But ACSR, which consists of four students, four faculty members, and four alumni, serves in merely an advisory role. The oversight process was designed so that the ACSR reports to the four members of the Corporation, the University’s highest governing body, who sit on the CCSR, and that the CCSR wields ultimate authority over any divestment decisions.
In recent years, however, the ACSR’s influence over the endowment seems to have further diminished. Public equities have decreased from 58 to 33 percent of the portfolio since 1995, and the CCSR has voted on fewer and fewer resolutions, dropping from 157 votes in 2004 to 56 in 2013, according to the 2012-2013 CCSR annual report.
As frustration with HMC’s institutional mechanisms for incorporating student input has mounted, HMC leadership has addressed the responsible investment movement with an approach that is subtly but nonetheless fundamentally distinct from the thought process of student activists.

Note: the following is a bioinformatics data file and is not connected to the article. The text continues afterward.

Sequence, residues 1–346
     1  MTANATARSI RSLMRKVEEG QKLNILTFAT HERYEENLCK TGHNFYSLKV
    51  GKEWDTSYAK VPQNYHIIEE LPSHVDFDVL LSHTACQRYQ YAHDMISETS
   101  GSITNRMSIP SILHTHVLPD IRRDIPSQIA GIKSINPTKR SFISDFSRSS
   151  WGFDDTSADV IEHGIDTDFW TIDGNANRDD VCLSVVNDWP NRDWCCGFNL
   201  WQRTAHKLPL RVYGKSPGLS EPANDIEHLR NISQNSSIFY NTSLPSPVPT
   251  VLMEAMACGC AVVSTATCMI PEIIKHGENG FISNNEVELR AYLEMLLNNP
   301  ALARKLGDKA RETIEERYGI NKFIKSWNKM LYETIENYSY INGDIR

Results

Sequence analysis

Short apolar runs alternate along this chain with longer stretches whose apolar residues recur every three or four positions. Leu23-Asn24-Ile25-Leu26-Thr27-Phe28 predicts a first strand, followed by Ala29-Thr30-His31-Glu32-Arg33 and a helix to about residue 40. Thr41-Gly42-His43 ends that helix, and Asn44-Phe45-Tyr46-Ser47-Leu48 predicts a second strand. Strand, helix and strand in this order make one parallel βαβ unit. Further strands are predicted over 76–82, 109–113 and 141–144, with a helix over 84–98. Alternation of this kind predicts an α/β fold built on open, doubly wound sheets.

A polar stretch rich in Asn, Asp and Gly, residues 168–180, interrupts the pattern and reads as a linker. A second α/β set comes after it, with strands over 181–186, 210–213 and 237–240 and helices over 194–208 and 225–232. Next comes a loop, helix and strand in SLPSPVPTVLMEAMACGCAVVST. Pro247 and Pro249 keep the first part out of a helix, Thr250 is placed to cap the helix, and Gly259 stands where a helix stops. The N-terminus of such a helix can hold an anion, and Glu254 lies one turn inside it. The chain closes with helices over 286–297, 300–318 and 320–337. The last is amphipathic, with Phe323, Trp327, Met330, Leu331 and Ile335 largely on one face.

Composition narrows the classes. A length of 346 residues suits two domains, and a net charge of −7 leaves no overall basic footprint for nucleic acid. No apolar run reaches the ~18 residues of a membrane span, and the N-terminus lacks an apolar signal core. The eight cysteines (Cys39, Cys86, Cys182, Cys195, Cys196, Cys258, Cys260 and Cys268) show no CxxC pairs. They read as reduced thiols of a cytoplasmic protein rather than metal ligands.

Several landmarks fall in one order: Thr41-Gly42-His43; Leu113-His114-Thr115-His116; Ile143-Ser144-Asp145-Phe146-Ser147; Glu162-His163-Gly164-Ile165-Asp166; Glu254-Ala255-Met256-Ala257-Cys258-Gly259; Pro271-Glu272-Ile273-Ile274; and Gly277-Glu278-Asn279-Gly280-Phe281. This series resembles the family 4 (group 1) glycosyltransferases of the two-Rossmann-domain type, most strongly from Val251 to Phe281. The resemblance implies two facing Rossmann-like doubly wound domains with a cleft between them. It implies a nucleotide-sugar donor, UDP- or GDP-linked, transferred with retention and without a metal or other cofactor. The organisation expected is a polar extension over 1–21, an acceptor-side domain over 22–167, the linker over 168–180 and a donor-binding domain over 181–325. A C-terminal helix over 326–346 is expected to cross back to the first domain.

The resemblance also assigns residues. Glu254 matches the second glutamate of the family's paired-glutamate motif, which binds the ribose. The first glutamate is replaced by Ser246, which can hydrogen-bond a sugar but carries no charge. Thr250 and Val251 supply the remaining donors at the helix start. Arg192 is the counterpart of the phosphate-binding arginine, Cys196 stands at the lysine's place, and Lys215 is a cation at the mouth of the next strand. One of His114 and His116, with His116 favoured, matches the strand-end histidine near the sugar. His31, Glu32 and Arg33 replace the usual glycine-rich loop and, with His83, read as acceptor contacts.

While HMC, like the student activists who criticize it, has stressed the importance of ESG factors in its decision-making processes, in focusing on long-term profitability instead of values, it has framed this importance in a different light than those students.
“A lot of values talk is being buried into a business case frame,” Wood says. “There are places when [ESG and profit] overlap, but also, it’s just a more comfortable frame to have this investment discussion.”
—Staff writer Christine Y. Cahill can be reached at firstname.lastname@example.org. Follow her on Twitter @cycahill16.
—Staff writer Sonali Y. Salgado can be reached at email@example.com. Follow her on Twitter @SonaliSalgado16.